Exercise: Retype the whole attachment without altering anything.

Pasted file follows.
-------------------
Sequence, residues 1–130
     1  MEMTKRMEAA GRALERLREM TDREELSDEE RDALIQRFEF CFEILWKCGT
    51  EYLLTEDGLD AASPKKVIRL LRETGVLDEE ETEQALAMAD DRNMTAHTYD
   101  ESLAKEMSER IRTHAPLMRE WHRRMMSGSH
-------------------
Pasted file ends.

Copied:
Sequence, residues 1–130
     1  MEMTKRMEAA GRALERLREM TDREELSDEE RDALIQRFEF CFEILWKCGT
    51  EYLLTEDGLD AASPKKVIRL LRETGVLDEE ETEQALAMAD DRNMTAHTYD
   101  ESLAKEMSER IRTHAPLMRE WHRRMMSGSH